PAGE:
Some American playwrights are embraced by British theatres, which often produce their work more readily than venues across the Atlantic. Among these is black playwright Tarell Alvin McCraney, whose entertaining Wig Out! was produced at the Royal Court in 2008 and American Trade by the RSC at Hampstead last year. By then, he’d already made his mark with his The Brother/Sister Plays trilogy.
Kwayedza Kureya (Junior Davis), Khali Best (AJ James), Dominic Smith (Pharus Jonathan Young) and Aron Julius (David Heard) in Choir Boy at the Royal Court, Jerwood Theatre Upstairs, London Photo: Tristram Kenton
His latest, Choir Boy, has a bright young cast and an original setting. The story takes place in an all-black, all-male American school - the Charles R Drew Prep School for Boys - which proves to be a pressure cooker for ideas not only about race and sexuality, but about music and history as well.
The play begins with Pharus, a bright gay young man who sings brilliantly in the choir, being distracted while performing his solo during an important school concert by Bobby, an aggressive and proud heterosexual. The conflict between the two boys, which is complicated by the fact that Bobby is headmaster Marrow’s nephew, soon escalates.
The other members of the choir provide a cross-section of American youth, with AJ, who is Pharus’s loyal room-mate, and David, who wants to be a pastor. Then there’s Bobby’s sidekick, Junior. But McCraney also widens the play’s debate by having headmaster Marrow invite an older white professor, Pendleton - a veteran of the Civil Rights movement of the 1960s - to teach the boys.
The key scene is a fascinating class in which the history of the American spiritual is addressed. Bobby articulates the idea that traditional black spirituals were clandestine instructions designed to help slaves escape during the 19th century. These songs held coded messages, designed to give details of the best way to avoid recapture if you were a runaway slave.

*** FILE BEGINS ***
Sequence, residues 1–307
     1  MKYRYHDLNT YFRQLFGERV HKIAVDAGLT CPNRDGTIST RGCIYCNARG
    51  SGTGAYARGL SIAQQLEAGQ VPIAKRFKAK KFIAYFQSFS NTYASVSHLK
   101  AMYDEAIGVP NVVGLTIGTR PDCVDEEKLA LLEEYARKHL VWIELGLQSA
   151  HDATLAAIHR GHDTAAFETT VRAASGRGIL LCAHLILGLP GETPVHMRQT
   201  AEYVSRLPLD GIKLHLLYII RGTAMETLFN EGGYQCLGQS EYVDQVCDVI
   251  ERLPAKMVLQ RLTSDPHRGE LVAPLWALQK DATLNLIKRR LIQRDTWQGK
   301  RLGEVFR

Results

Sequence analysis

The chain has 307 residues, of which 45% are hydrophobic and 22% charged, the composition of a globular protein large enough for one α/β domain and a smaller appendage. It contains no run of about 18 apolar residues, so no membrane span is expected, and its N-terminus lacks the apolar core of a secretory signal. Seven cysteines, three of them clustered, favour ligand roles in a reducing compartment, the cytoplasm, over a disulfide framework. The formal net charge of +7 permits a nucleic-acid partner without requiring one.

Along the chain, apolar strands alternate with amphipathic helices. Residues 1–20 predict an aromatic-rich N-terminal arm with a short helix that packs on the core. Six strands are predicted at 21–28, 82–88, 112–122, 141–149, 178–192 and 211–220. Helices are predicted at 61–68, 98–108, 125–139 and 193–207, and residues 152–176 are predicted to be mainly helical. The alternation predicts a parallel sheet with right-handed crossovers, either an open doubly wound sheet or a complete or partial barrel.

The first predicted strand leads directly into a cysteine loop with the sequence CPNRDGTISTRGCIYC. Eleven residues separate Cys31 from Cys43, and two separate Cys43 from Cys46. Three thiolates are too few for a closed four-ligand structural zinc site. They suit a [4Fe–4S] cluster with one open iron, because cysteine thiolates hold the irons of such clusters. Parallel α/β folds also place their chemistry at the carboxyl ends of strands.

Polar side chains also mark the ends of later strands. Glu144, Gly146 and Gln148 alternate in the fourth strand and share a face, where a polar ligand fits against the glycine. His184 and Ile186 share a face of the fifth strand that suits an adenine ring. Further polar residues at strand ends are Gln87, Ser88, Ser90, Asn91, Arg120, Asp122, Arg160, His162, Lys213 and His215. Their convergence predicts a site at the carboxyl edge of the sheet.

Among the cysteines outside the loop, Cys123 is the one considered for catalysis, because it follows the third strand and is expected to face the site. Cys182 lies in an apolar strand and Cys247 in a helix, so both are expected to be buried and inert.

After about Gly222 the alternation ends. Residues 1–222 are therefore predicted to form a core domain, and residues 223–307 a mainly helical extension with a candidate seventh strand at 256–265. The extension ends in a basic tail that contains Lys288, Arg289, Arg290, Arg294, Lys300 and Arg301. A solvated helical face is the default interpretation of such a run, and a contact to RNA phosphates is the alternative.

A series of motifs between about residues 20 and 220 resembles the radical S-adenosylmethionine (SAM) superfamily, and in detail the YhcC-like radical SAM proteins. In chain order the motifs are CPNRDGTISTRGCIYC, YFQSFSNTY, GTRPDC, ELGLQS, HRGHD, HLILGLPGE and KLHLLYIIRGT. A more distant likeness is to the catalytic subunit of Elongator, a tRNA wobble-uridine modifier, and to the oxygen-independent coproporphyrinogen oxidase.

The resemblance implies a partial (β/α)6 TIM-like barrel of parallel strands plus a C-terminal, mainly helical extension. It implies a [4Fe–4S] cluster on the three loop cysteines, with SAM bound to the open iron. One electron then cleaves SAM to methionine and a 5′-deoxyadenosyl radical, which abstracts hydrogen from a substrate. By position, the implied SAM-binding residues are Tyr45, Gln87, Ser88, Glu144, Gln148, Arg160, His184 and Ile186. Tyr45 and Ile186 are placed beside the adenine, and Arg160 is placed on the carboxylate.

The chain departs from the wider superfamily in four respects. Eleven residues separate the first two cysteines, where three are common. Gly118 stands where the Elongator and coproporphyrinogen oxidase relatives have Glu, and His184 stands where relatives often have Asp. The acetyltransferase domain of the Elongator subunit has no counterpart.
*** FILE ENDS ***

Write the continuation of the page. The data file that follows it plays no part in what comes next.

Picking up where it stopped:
This idea is questioned by Pharus, who argues that runaways had no need for coded instructions and that the function of any song is more directly to inspire though its own inherent musical beauty, and the grace of its words. In other words, Bobby’s view is an invented tradition and has no basis in fact.
Like some of McCraney’s other plays, Choir Boy is not only a study of black culture but also a coming out play. Pharus has to come to terms with his homosexuality and with the ideals of the school, in which snitching on other boys is the worst crime. And McCraney also shows how black culture struggles with the clash between sexuality and religious ideas.
This fascinating play gets an excellent production from Dominic Cooke in his final season as artistic director. Designer Ultz has turned the studio space into a school environment with the audience ranked like parents at a prize-giving. Of the young cast, several of whom make their debuts, newcomer Dominic Smith shines as Pharus and Eric Kofi Abrefa is a powerful Bobby.
Similarly impressive are Khali Best (AJ), Aron Julius (David) and Kwayedza Kureya (Junior), while Gary McDonald and David Burke are convincing as headmaster Morrow and Pendleton. With music beautifully arranged by Colin Vassell, this is an emotionally engaging and thought-provoking drama.